Retail billionaire Solomon Lew has bowed to political pressure and will return some of the jobkeeper subsidy received by his Premier Investments empire.
In a statement, Premier said it’s board, where Lew is chair, had decided to “refund the net jobkeeper benefit of $15.6m to the Australian Tax Office”.
However, it did not disclose the total amount of jobkeeper the company received – as we’ve previously reported, industry sources estimate it could be as much as $100m.
The company said it had previously “quarantined” the $15.6m “to fund the wages of employees who may be stood down under future state government mandated Covid-19 lockdowns”.
It said it used the money to pay staff during the recent snap lockdowns in Queensland and Western Australia.
Critically, following the lockdowns and upon reopening, increased trading from the combined states has fully offset the cost of supporting our teams through these lockdowns …
Therefore, the ‘jobkeeper 1’ funds were ultimately not required to support our teams.
Lew’s empire has been under intense pressure to repay jobkeeper after its profit surged during the pandemic and it paid tens of millions of dollars in dividends to Lew – you can read our previous coverage here:
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Dutton’s department reviews Port of Darwin’s lease to Chinese company
The Australian government has taken a step towards potentially cancelling the long-term lease of the Port of Darwin to a Chinese company, in line with a signal sent by Scott Morrison last week.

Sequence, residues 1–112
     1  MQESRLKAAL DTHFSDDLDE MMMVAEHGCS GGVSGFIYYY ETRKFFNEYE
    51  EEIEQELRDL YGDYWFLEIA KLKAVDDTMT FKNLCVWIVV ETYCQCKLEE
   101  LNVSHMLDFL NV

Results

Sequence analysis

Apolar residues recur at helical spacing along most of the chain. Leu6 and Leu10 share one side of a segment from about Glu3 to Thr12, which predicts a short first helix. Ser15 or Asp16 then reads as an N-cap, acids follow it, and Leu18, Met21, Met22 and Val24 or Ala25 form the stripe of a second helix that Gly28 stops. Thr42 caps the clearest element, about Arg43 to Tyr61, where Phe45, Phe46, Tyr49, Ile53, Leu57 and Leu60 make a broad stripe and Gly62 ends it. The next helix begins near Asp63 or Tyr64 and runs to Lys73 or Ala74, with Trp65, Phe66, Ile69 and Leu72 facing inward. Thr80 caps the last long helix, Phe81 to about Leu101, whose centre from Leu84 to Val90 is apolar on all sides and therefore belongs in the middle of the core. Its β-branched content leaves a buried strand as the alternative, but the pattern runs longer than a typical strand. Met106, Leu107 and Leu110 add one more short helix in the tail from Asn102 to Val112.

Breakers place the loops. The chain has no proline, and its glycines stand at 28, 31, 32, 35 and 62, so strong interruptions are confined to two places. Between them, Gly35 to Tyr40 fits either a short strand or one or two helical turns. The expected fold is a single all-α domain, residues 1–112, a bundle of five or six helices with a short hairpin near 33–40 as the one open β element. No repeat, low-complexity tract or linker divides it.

The Department of Defence is now reviewing the matter, the defence minister, Peter Dutton, has confirmed in an interview with the Nine newspapers, published today.
Dutton said cabinet’s national security committee – which is chaired by Morrison and includes senior ministers – had asked the defence department to “come back with some advice, so that work is already under way”.
It follows concerns by both sides of politics about the Northern Territory government’s decision in 2015 to grant a long-term lease of the Port of Darwin to a Chinese company, Landbridge. The company did not respond to a request for comment last week.
In response to a question about whether forced divestment of the port was on the table, Dutton told the Nine papers the government needed to wait for the advice and “we can look at options that are in our national interests after that”.
The comments come after Morrison’s visit to the Northern Territory last week, when the prime minister hinted the 99-year lease of the Port of Darwin could be reconsidered on security grounds. When asked about the port, Morrison said he would take seriously any advice from the defence department or security agencies “about the national security implications of any piece of critical infrastructure”.
Dutton – a conservative who been making waves since being appointed defence minister a month ago – and the government are increasingly adopting tougher rhetoric on China, which we explored in this piece last week.
Dutton also used the Nine interview to defend his remarks that the risk of war over Taiwan could not be discounted, saying China had been “very clear about their strategy, their approach and their desires and so pretending it’s not being said or turning a blind eye to it is not in our national interest”.